"Analogue sounds better to you whether you know it does or you don't – 6 million years of evolution is not gonna be fooled by 30 years of chip design": The front-of-house sound engineer for Van Halen, Rolling Stones and Jeff Beck talks gear

 Ronnie Wood (L) and Keith Richards perform with the Rolling Stones on their Hackney Diamonds tour at the Camping World Stadium on June 3, 2024 in Orlando, Florida
(Image credit: Paul Hennessy/Anadolu via Getty Image)

If a show sounds good, it's not just down to the musicians onstage – there's an army of people making sure things go to plan. And the front-of-house sound engineer is a key figure in mixing what we hear, and making sure the myriad components and miles of cables behind delivering an artist's sound live don't fail and leave the audience angry. Dave Natale is one of the very best of that breed with 45 years proving it.

He's worked with the best; Jeff Beck, Eddie Van Halen, The Rolling Stones, Fleetwood Mac, Tina Turner and Prince amongst just some of the artists on his resume – many of who he's worked with for multiple years. Natale's new chat with Rick Beato is essential viewing for not just a musician who plays live, but listeners who want to understand more about what it takes to deliver great sound night after night on the road. But when Beato brought up the sometimes prickly subject of digital Vs analogue gear, Natale had no hesitations on sharing his clear perspective.

"Analogue sounds better to you whether you know it does or you don't – your brain is smarter than you are," begins Natale. "Six million years of evolution is not gonna be fooled by 30 years of chip design.  Now that's what I think, but [points to ears] these are analogue and they always will be. If you wanna argue that I'm available all day long and that's the way it is. Analogue is better, it is."

What do The Rolling Stones, Prince, Van Halen, and Jeff Beck Have In Common? - YouTube What do The Rolling Stones, Prince, Van Halen, and Jeff Beck Have In Common? - YouTube
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Natale has a story to illustrate his point too – and it throws up the issues of generational experience and perspective. "We did a thing once where we had a CD of the piece of music and the turntable of a piece of music, synced up with a blind tester.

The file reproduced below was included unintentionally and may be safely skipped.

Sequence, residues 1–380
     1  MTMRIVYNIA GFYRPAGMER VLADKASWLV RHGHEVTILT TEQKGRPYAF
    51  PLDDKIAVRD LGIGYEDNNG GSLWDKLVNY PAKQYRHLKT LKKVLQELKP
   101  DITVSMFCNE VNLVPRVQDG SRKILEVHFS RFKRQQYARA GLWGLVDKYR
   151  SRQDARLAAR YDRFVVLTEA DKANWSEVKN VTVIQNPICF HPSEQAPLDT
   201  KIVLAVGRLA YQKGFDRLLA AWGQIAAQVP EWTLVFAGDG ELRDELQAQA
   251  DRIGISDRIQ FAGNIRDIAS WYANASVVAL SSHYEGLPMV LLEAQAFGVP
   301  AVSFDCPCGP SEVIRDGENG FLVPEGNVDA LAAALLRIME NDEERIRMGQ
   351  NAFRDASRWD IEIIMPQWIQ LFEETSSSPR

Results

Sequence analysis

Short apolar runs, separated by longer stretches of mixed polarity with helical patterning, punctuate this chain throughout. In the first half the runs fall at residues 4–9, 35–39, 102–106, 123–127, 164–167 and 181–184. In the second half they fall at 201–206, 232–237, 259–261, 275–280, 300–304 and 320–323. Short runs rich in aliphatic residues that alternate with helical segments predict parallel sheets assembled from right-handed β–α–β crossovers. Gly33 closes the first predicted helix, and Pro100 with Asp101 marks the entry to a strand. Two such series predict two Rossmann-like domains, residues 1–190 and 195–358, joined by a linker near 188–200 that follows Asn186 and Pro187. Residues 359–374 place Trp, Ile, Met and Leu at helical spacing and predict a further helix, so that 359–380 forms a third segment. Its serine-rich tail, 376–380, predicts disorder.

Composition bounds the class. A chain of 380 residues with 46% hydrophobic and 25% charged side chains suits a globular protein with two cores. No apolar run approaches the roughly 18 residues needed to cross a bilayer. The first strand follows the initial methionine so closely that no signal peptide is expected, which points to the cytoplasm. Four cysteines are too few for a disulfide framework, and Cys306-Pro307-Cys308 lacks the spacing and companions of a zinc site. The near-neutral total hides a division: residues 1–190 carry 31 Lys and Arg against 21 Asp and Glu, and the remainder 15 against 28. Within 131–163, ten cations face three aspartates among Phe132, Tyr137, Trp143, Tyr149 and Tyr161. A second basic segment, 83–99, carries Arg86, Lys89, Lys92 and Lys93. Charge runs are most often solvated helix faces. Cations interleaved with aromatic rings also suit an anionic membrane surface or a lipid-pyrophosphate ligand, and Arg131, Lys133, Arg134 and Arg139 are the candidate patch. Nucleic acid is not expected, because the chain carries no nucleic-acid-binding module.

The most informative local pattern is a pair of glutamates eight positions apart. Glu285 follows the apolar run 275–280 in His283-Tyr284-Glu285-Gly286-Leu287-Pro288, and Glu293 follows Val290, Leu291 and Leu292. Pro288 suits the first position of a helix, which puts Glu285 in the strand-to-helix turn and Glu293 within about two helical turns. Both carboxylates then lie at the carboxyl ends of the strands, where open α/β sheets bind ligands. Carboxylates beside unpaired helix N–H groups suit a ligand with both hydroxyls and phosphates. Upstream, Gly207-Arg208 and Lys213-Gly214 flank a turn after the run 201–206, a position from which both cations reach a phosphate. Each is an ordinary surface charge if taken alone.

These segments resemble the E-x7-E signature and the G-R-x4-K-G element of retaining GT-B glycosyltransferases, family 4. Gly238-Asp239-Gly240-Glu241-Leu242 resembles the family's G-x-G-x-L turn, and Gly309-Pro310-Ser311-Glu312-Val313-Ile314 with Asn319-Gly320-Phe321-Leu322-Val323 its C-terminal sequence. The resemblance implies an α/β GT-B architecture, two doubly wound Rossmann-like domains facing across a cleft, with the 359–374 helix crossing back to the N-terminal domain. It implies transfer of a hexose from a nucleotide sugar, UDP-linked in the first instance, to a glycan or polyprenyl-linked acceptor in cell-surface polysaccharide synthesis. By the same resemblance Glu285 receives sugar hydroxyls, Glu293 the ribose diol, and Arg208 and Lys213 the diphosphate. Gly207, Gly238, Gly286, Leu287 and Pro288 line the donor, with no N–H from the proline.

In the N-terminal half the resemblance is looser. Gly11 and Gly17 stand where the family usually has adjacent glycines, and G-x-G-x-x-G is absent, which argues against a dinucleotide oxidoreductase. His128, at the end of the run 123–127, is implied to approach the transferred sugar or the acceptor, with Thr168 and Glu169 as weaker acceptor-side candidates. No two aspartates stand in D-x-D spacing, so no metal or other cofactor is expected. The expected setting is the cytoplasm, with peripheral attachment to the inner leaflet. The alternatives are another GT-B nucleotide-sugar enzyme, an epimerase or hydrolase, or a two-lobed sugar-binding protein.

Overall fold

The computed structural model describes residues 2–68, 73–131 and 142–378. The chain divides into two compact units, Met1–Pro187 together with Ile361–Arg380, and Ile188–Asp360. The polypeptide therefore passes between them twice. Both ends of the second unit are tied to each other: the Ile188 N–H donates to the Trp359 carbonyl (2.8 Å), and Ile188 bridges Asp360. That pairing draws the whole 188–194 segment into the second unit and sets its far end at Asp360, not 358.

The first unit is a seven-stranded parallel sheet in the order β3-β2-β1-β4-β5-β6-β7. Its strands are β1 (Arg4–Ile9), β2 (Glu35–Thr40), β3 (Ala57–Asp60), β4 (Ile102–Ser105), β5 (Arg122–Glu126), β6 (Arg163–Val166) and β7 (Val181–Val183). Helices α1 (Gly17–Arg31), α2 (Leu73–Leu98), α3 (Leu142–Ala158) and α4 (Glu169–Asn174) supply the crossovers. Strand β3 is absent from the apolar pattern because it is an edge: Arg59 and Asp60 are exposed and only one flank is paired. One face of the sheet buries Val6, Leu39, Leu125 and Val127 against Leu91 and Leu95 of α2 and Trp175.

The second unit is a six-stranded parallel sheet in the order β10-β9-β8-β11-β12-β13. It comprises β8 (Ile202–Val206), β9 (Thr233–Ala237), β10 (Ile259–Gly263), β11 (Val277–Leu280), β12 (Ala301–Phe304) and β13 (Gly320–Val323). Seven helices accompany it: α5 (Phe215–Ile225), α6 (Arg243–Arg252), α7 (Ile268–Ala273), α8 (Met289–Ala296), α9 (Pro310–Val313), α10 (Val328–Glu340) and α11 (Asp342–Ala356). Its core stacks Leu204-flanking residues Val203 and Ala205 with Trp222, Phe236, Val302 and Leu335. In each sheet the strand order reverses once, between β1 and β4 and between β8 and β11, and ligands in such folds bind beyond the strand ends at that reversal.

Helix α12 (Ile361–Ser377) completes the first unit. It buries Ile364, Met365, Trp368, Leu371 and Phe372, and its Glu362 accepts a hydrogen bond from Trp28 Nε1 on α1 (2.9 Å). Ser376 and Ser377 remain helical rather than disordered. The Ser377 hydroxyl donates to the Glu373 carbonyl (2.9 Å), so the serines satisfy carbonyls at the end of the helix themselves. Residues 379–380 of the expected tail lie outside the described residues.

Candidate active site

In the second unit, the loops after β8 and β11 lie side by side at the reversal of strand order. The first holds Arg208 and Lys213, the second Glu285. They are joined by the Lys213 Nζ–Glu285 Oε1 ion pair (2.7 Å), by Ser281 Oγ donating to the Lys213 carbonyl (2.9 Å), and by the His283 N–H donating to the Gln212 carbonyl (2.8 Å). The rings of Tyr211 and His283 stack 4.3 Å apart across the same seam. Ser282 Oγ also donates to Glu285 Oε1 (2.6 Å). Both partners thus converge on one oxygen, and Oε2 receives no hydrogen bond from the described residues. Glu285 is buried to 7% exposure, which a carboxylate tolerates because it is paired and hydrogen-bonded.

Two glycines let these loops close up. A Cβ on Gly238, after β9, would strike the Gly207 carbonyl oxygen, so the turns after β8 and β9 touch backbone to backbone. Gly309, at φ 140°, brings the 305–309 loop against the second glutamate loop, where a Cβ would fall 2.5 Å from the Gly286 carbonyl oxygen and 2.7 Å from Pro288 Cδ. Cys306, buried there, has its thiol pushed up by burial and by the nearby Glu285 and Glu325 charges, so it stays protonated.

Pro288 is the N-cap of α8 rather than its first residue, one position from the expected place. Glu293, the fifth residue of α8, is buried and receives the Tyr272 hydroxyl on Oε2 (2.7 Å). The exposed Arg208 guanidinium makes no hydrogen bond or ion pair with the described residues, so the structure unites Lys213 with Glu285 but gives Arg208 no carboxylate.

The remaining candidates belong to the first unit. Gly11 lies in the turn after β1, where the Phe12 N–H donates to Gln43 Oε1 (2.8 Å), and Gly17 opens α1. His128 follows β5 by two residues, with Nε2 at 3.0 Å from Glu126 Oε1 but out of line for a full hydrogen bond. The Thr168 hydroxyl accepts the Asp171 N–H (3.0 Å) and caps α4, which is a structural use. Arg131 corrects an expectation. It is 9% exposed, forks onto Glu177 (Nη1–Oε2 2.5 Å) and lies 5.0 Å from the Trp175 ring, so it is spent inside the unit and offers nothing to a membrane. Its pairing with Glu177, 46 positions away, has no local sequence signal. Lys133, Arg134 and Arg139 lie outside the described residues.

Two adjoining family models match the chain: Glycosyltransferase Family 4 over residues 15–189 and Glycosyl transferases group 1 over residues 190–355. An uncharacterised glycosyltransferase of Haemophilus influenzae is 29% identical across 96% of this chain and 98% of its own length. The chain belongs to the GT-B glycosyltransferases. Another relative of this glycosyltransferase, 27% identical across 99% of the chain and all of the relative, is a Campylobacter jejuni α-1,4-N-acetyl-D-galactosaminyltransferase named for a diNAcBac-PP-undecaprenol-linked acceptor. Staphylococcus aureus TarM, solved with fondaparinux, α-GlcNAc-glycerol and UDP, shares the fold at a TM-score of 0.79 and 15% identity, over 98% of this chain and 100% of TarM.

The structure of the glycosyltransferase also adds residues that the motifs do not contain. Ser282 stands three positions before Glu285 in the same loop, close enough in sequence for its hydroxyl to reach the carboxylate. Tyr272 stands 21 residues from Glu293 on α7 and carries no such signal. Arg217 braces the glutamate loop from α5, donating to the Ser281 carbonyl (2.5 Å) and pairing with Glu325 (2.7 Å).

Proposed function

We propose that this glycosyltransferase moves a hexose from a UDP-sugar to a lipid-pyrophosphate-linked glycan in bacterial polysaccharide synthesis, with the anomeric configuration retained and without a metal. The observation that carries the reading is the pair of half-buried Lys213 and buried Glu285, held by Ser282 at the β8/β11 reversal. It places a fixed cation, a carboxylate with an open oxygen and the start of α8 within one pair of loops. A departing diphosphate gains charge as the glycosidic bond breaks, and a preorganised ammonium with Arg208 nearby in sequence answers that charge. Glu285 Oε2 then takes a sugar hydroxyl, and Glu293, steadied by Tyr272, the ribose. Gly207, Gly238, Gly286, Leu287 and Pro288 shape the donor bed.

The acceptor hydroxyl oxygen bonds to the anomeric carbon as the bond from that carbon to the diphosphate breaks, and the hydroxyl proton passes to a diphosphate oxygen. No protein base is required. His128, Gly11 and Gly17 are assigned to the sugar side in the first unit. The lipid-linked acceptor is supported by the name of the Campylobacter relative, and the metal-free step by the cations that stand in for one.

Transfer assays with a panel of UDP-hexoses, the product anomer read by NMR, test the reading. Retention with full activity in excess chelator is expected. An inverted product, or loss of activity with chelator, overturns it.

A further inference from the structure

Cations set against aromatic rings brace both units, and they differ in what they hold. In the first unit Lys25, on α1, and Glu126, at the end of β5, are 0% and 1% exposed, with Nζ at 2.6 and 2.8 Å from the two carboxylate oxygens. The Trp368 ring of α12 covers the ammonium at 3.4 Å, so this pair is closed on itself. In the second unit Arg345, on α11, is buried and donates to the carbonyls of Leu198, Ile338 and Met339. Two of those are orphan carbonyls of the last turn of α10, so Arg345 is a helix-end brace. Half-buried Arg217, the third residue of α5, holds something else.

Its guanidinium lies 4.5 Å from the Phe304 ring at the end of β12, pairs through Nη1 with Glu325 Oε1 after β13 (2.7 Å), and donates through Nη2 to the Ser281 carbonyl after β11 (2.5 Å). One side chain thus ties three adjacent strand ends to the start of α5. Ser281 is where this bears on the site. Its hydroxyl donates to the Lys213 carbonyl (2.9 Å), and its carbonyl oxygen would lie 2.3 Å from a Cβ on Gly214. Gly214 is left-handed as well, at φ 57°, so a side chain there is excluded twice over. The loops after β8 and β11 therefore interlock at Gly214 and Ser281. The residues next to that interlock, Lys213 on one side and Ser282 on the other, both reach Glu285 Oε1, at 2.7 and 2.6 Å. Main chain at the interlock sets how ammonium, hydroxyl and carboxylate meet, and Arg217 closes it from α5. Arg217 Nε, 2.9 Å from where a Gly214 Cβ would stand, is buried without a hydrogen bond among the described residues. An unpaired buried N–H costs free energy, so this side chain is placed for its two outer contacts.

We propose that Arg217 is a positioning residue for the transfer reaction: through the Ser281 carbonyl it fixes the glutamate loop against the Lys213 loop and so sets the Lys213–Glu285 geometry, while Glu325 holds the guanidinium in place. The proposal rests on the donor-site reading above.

"We'd switch them back and forwards, we'd sync up the playback so it was in sync and you'd switch and you'd listen to A or B, or they would switch it and I said, 'Analogue or digital'; when I heard it. And I was right 9/10 times. They couldn't believe that and the reason [the tester] couldn't believe it was that he was young. So he never heard vinyl, or he never heard enough vinyl to know what it was I was hearing because I heard mountains of vinyl. Because there are little things – there are artifacts… but I picked it 9/10 times. Did I get lucky? Probably."

Perspectives and variables aside, Natale's reputation for delivering the goods night after night means he has a good handle on reliable setups and gear for guitarists and drummers onstage. And yes, when it comes to the best microphones to use his choices have been consistent.

"Beyerdynamic M88 – that's the only one I've ever used," says Natale of his kickdrum mic choice, adding that he prefers the drum hole to be off the side for placement. "There's a little too much attack, dead centre. If you have the holes off to the side you can angle the mic toward the centre of the drum."

"It just sounds good," is Natale's simple reasoning for sticking with the M88, but he has to be prepared before a tour. "The problem is the 88 gets beat up by the concussion," he adds. "So I take about ten to twelve out to rehearsals and I go through them with the drum tech and monitor guy. I sit on the front of the drum riser and I don't listen to them. I let the monitor guy and the drum tech decide.